[UPDATE BELOW] Twitter is about to go public on the New York Stock Exchange (which opens at 9:30 a.m. Eastern/6:30 a.m. Pacific time). Shares are priced at $26, which values the company at $18 billion. "That makes Twitter worth more than many storied American corporations, like Alcoa and Harley-Davidson. At that valuation, each of Twitter’s 230 million users around the world is worth $78," claims Dealbook. Congratulations—our "FML" tweets are at least worth $0.00001 each!

The Wall Street Journal reports, "The short-messaging service's IPO is the biggest U.S. technology debut since Facebook Inc. last year. The deal is set to raise as much as $2.1 billion for the San Francisco-based company, which remains unprofitable but which has transformed public discussion on subjects from celebrities to public policy to pets. The price of $26 is available primarily to large investors such as mutual funds and hedge funds, as well as some of the individual clients of the banks underwriting the deal, led by Goldman Sachs Group Inc."

There's a lot of excitement on Wall Street—and it looks like some celebs will be on hand:

Reuters' Felix Salmon has some thoughts about Twitter and you:

So how is the individual investor supposed to navigate these treacherous waters? It’s actually incredibly easy. And it works like this. Twitter’s profits, if and when they ever appear, are going to be some fraction of its revenues. Its revenues, in turn, are going to be some fraction of the value it provides to its users. I have personally already extracted many thousands of dollars in value out of Twitter, over the past five years, and it hasn’t cost me a penny. On an ROI basis, I’m doing unbelievably well — and my returns are only going to keep on growing into the future.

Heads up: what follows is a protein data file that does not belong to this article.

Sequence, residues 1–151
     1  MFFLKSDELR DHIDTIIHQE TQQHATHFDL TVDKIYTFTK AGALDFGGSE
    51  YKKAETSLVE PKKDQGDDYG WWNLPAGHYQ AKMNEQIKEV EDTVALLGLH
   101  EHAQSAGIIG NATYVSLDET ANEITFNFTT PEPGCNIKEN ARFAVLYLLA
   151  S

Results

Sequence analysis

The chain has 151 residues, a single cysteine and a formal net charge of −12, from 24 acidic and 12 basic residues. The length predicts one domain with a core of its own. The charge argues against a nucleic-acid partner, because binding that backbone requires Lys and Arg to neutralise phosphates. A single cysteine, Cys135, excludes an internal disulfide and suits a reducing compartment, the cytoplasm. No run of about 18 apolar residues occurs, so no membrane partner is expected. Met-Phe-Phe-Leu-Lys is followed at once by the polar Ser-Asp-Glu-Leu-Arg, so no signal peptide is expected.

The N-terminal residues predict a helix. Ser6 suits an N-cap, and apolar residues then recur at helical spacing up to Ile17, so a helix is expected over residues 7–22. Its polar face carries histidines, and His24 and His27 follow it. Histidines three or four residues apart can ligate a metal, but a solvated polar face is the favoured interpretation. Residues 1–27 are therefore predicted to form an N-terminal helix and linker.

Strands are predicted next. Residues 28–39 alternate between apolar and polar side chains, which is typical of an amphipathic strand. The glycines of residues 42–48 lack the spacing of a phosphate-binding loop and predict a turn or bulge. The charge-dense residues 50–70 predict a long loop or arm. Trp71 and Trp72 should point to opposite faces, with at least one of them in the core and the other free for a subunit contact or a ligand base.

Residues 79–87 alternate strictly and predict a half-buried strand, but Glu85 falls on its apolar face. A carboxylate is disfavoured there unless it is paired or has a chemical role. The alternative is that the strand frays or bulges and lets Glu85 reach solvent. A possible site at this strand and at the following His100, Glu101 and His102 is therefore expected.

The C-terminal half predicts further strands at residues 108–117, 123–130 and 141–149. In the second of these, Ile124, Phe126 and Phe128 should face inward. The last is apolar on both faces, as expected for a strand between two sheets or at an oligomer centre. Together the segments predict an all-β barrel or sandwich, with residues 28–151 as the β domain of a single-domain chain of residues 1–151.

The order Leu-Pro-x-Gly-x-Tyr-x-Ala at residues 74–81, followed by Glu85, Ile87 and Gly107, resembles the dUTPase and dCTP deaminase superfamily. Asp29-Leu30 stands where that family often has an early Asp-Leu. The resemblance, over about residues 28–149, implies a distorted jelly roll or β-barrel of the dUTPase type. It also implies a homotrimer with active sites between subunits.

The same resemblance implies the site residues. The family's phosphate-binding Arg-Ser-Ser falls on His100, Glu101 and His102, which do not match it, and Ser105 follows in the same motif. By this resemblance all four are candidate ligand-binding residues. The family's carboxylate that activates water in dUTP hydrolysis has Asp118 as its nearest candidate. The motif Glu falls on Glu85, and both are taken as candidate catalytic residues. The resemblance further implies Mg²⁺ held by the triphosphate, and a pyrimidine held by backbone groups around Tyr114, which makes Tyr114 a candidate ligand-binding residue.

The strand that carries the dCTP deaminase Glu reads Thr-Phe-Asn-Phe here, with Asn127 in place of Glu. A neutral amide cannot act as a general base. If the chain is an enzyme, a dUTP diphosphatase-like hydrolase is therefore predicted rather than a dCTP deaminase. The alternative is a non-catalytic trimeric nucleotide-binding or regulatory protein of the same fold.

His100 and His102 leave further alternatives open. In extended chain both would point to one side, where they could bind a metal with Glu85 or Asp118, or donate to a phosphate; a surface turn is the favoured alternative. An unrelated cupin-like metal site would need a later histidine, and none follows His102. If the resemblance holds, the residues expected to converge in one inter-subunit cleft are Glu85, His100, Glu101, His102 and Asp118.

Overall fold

Here’s my advice, then: take the amount of money you were thinking of investing in Twitter, and divide it by the rate at which you value your own time. So, if you were going to invest $5,000 and you value your time at $50 per hour, then you’d end up with a figure of 100 hours. Then, instead of spending the $5,000 on Twitter stock, spend 100 hours on Twitter: the cost is the same. The value you get from being on Twitter — from interacting with people you admire, from learning new things, from being able to express yourself so easily and concisely — will be much greater than the value you’d ever get from buying $5,000 of Twitter stock. And you’ll still have $5,000 left over to do whatever you want with, whether it’s putting it into some other investment or spending it on something awesome — a holiday, perhaps, or a gift to a friend, or even some fine wine.

Anyway, Twitter chose the NYSE for its listing, after Facebook's terrible NASDAQ launch. Additionally, a protest is planned outside Twitter's HQ today, to slightly dull the buzz from the instantly minted millionaire's champagne chugging.

Update 6:50 a.m.: The opening bell has rung but Twitter has still not officially begun trading. Here is a Vine of the Twitter people ringing the bell, which we found on Twitter.

BuzzFeed reporter Mariah Summers has been live-tweeting the experience from the floor of the stock exchange. She says the reporters look as bored as the traders, and some newcomers to the trading floor "are upset there's no physical bell in sight, but there is a hashtag for one so..."

Update 7 a.m.: Patrick Stewart tells CNBC that Twitter "has become one of the most significant aspects of my life and my career." Anyone can play King Lear, but only Twitter can inspire a man to dress up as a lobster and lie in a bathtub for LULZ.

Update 7:10 a.m.: Sources tell Reuters that Twitter's offering is quite "oversubscribed," meaning would-be investors have requested to buy 30 times the number of shares that are being put on offer. The sources said "ten institutional investors received 50 percent of the deal, with about 750 accounts getting less than 10,000 shares." Meanwhile, outside Twitter HQ:

While we wait for trading to begin and contemplate the utter meaninglessness of all this, here's the little girl who rang the bell:

Update 7:47 a.m.: Still waiting... still waiting. The consensus appears to be this is not a delay—trading was not expected to begin until after 10:45 EST. In the meantime, here's a stellar photo of the hungry, drooling capitalists waiting for their fresh meat to drop:

Update 7:55 a.m.: IT'S TRADING! IT'S TRADING! TWTR opened at a trading price of $45.10, up 80% from that initial number of $26 per share. Twitter just made some people billionaires #LOL. There were no technical glitches inside the clown car as it plunged into the goldmine.